Prices of basic commodities will remain stable in Chattogram during the month of Ramadan because of adequate stock and supply, said traders and a senior government official yesterday.
Commerce Secretary Mofizul Islam held a meeting with commodity traders at the district administration office in the port city.
“Wholesale prices at Khatunganj in Chattogram are still low compared to previous years and the prices will remain within the purchasing capacity of consumers in Ramadan,” said Sagir Ahmed, general secretary of the Khatunganj Trade and Industries Association.
“Mobile courts will work to rein in price hike of essential goods during Ramadan. If necessary, you can import more goods to keep the prices stable as there is enough time,” Islam said.
A total of 130,118 tonnes of chickpea were imported through Chattogram port in the July-March period of the current fiscal year against the demand for 80,000 tonnes during Ramadan.
At the importers' level, chickpea was sold at Tk 63 to Tk 69 per kilogramme in Khatunganj, while the wholesalers at the same hub were selling the item at Tk 68 to Tk 75 a kg yesterday.
Between July and March, around 251,318 tonnes of lentil were imported. Its demand during the fasting month will be 50,000 tonnes. A total of 40,000 tonnes of dun pea were imported last month.
At the wholesale level, the Indian lentil was sold between Tk 48 and Tk 50 a kg yesterday, while the local variety of lentil was sold between Tk 90 and Tk 93.
The wholesale price of dun pea hovered between Tk 29 and Tk 31 per kg.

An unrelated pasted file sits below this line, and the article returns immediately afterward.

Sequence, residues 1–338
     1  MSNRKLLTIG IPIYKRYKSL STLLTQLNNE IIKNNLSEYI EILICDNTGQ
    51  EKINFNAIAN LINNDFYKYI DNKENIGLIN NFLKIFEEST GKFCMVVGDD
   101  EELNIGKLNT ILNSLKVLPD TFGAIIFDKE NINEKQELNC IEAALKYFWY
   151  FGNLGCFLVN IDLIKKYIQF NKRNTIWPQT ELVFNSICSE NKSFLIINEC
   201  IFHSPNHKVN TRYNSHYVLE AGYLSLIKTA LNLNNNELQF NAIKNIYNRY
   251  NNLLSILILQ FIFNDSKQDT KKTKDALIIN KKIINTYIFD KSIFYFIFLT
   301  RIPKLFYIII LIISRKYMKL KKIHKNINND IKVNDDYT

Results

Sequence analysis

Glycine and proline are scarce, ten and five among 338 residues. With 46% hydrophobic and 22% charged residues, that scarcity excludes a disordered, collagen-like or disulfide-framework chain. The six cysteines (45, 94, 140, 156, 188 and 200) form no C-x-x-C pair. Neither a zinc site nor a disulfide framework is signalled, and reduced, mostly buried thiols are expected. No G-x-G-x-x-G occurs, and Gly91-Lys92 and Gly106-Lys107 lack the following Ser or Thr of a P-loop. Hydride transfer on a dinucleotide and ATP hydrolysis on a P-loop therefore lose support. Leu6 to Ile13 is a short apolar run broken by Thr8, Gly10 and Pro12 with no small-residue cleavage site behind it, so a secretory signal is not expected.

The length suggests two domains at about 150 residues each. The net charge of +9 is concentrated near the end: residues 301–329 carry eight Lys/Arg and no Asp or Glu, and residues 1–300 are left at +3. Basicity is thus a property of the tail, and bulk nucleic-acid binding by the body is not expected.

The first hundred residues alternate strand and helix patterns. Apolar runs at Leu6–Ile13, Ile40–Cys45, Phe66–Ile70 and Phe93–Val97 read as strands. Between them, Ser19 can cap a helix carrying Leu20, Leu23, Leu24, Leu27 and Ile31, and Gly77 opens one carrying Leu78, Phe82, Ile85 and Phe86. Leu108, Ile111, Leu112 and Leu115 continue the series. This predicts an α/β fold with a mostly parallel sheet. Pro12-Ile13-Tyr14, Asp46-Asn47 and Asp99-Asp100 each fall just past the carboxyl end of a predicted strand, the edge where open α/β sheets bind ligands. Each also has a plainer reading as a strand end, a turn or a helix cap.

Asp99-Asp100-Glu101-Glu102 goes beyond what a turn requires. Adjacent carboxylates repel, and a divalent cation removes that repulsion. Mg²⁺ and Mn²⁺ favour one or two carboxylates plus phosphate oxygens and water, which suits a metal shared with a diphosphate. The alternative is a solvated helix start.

Around 14 lakh tonnes of edible oil was imported in the last seven months against the annual demand for 15 lakh tonnes. Adequate sugar and dates were also imported as per the data provided by the customs.
In Dhaka, Commerce Minister Tipu Munshi said the government would strictly monitor the markets across the country to control the prices of commodities during Ramadan, according to UNB.
"There is sufficient stock of essentials, so there is no possibility of a crisis. If anyone tries to create any crisis, actions will be taken," said the minister while talking to reporters at the secretariat after a meeting with rice millers and businessmen.
He said that letters would be sent to the deputy commissioners and the superintendents of police with strict directives to stop extortion during the movement of goods on the roads and highways.
Rice mill owners informed the minister that there was huge production and stock of rice in the country and even urged the government to export rice.
"Rice mill owners and businessmen told me that if we do not export rice this time, the prices of rice will drop further and the farmers will be affected," Munshi said.
“We have assured them that we will discuss the matter with the food ministry. If there is enough rice, initiatives will be taken to export them for the sake of the farmers."